Link to Brain cover (via @tiempoasm)

The making of ‘War Neuroses’

The history of one of the most important and disturbing films in the history of psychiatry is covered by an excellent article in the latest edition of the Journal of the History of Medicine.

The piece concerns the 1917 film of soldiers affected by ‘shell shock’ during World War One. It was called ‘War Neuroses’ and was filmed at Netley and Seale Hayne hospitals. You can now watch the entire footage online

The full text of the article is locked behind a paywall but the pdf has found its way online.

The history of the film turns out to be very interesting. Although it has become iconic for images of ‘shell shocked’ soldiers it was also made with the promotion of producer and medic Arthur Hurst’s career in mind.

Hurst turns out to be a curious figure and not necessarily a good representative of what was happening with regard to the home treatment of traumatised soldiers – as he isolated himself physically and professionally from the wider community of professionals working on treatments.

Despite working at Netley, Hurst made no attempt to integrate himself within the wider community of shell shock doctors. By the end of 1916, Maghull and the Maudsley had become the main centers for experiment into treatment, run respectively by R. G. Rows and Frederick Mott, but Hurst worked independently of them and their staff. In part, this was because he saw himself as a general physician, rather than a medically qualified psychologist, bringing a knowledge derived from neurology and infectious disease to the question of neurasthenia, hysteria, and shell shock.

As a charismatic leader, Hurst was more comfortable running his own hospital than becoming part of a network of shell shock doctors—many of whom explored hypotheses borrowed from psychoanalysis, anthropology, and psychology. Significantly, no motion pictures were shot at either Maghull or the Maudsley, though both were recorded in still photographs.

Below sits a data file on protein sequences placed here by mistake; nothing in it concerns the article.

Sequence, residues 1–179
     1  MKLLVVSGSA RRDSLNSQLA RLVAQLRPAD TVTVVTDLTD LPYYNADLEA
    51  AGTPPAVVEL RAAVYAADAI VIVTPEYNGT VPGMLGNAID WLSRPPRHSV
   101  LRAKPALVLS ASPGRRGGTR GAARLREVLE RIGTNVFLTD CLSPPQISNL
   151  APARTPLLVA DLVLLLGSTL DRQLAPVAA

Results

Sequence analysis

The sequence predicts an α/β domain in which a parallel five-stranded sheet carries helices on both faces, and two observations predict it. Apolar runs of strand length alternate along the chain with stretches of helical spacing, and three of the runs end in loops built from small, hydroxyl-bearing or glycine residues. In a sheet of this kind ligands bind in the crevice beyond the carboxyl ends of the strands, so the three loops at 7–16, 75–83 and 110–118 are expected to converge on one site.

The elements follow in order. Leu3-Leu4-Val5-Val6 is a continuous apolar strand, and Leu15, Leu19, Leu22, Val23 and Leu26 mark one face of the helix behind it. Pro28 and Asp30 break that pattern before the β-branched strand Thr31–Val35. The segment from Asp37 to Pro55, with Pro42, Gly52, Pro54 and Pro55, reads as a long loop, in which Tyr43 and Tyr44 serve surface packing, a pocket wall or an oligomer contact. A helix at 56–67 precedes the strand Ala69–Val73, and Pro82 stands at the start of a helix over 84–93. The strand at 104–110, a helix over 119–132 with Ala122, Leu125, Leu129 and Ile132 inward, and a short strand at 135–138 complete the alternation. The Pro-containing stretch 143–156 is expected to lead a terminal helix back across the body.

Another curious detail is that Hurst made the film to demonstrate the effectiveness of his treatment, showing before and after treatment footage of the soldiers.

However, some of the ‘before treatment’ footage has clearly been re-enacted as the surroundings and personnel don’t change position. This was apparently common in documentaries of the time and was probably justified by Hurst as being an accurate depiction.

Nevertheless, apparently this was not only an attempt to make his treatments look more effective but the footage itself was also used to demonstrate to patients the extent of the change they’d experienced.

Anyway, the whole article is full of fascinating background, so well-worth checking out.

Also, if you’re interested in reading more about ‘shell shock’ and its effect on mental health treatment the June edition of APA Monitor has an article by the same historian, Edgar Jones, on how it was first taken seriously.

Link to article in journal site.
pdf of the same.
Link to film on YouTube.
Link to APA Monitor article on ‘shell shock’.

BBC Column: What makes us laugh?

This is my BBC Future column from a couple of weeks ago. You can find the original here